• “Participants want news media to know, respect and use the preferred terms, capitalization of, and descriptions of Indigenous peoples. The Native American Journalists Association (NAJA) has a useful guide for members of the media. Most importantly, news media should ask people what they want to be called, how to spell it, how to characterize it and how to capitalize it.”
  • “Coverage that uses the appropriate language and seeks permission to share photos of cultural dress and activities before publishing is very important to building trust with Indigenous community members.”
  • “Many Indigenous journalists who’ve worked in mainstream media felt isolated as the only Indigenous person on staff. Some felt a duty to cover Indigenous issues because no other reporters were interested or capable of covering Indigenous issues with respect. Some weren’t allowed to cover the community or issues as frequently as needed or desired due to supervisors’ perception of conflicts of interest.”
  • “Asking ‘what about Indigenous people?’ when reporting most stories would be a major step toward representation.”
  • “Whenever possible, use the present tense when writing about tribes and Indigenous people. This often works even when talking about historical events. For example: ‘The Cheyenne, Arapaho and Ute tribes are the first caretakers of the lands in Colorado.’ They are still here, and defaulting to past tense implies to the reader that they aren’t.”

The report noted that there are “strong examples of helpful and respectful coverage by non-Indigenous news outlets in Colorado.”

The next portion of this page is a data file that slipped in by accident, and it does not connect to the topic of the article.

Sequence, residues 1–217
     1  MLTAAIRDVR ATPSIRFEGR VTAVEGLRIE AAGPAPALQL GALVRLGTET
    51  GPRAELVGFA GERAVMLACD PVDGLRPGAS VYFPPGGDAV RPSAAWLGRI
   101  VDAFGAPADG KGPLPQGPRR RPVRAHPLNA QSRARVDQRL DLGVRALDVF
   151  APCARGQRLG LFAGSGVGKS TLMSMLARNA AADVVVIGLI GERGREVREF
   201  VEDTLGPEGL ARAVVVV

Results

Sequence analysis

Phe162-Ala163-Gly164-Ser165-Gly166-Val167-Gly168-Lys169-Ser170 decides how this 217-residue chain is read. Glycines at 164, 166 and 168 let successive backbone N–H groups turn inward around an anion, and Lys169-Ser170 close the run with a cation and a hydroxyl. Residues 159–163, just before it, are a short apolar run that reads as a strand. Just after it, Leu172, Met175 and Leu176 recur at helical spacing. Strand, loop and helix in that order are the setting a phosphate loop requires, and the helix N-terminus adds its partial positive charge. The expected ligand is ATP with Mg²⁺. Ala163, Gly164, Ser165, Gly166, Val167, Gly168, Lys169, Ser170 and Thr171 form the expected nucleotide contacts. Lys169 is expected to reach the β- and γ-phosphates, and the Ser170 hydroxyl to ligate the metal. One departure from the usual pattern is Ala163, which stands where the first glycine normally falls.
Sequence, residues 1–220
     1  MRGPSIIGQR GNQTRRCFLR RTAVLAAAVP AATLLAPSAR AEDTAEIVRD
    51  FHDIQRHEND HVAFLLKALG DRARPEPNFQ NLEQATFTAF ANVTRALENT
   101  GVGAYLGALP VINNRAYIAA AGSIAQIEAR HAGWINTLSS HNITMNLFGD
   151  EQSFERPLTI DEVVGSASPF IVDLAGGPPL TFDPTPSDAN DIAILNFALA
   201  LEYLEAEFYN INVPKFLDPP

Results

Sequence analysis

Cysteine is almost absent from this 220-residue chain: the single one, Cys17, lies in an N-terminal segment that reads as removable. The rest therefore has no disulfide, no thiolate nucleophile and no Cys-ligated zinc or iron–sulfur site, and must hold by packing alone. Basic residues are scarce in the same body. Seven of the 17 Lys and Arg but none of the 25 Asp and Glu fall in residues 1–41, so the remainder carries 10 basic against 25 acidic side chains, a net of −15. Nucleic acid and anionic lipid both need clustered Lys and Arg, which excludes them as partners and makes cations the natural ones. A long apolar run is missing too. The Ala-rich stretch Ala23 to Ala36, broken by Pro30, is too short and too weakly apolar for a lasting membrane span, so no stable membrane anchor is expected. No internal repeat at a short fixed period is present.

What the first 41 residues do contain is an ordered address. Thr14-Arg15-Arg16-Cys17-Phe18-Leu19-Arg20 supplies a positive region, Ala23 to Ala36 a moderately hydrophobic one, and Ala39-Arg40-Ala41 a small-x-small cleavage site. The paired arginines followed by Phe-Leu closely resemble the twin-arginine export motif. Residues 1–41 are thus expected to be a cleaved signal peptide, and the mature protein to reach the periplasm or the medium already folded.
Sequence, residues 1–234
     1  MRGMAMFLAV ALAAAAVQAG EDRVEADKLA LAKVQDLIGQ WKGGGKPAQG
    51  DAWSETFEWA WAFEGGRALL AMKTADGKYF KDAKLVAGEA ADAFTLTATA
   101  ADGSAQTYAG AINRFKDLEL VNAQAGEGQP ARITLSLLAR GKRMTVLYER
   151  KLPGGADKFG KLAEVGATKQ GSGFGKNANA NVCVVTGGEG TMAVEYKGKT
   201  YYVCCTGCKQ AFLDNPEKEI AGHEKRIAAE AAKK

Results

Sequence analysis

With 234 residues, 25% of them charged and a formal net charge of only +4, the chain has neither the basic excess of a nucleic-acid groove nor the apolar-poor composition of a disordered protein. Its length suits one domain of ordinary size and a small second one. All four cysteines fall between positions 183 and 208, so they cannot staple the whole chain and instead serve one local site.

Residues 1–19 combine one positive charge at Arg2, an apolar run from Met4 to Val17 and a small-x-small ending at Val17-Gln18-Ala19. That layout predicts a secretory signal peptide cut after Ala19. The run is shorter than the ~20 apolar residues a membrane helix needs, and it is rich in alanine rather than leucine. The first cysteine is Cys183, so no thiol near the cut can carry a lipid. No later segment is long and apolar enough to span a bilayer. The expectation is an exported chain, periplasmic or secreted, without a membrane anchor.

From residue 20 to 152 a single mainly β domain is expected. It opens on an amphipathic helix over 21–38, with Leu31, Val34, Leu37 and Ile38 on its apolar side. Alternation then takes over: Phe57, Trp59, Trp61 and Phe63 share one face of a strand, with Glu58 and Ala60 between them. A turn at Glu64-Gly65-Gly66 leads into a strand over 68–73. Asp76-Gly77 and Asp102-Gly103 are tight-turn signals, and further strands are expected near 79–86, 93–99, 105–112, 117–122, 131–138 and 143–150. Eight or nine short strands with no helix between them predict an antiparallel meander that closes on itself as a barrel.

Leaders and journalists cited in the report some coverage from Kyle Clark’s nightly newscast “Next,” highlighting “the work of local Indigenous-run nonprofits, The Colorado Sun and Colorado Public Radio with ongoing coverage of several Indigenous issues, High Country News with its Indigenous Affairs desk and a collaboration between KSUT Public Radio and Rocky Mountain PBS to share mini-documentaries created by Indigenous storytellers.”

Meanwhile, “there was not a consensus on how to hold news media accountable, or whether that was possible,” the report states. “If this is something news media want from the community it must be part of the work of building relationships with community members. Some felt only other members of the media would be successful in holding other media accountable.”

Read the entire report, titled “reach, representation, and respect,” here.

On May 25, McLain Manthey will host a virtual event with others that digs into the report’s recommendations and will moderate a conversation with Indigenous leaders. An invite states: “you’ll hear about in-depth action steps communities, newsrooms and funders can collectively take to improve access to news and information that serves Indigenous communities.”

The inside story of Sixty35 The Indy’s struggle, rebranding, and rebirth in the Springs

Zach Ben-Amots, reporting for Rocky Mountain PBS, this week authored the most definitive story thus far about the trauma facing a local alternative news source in Colorado’s second-largest city.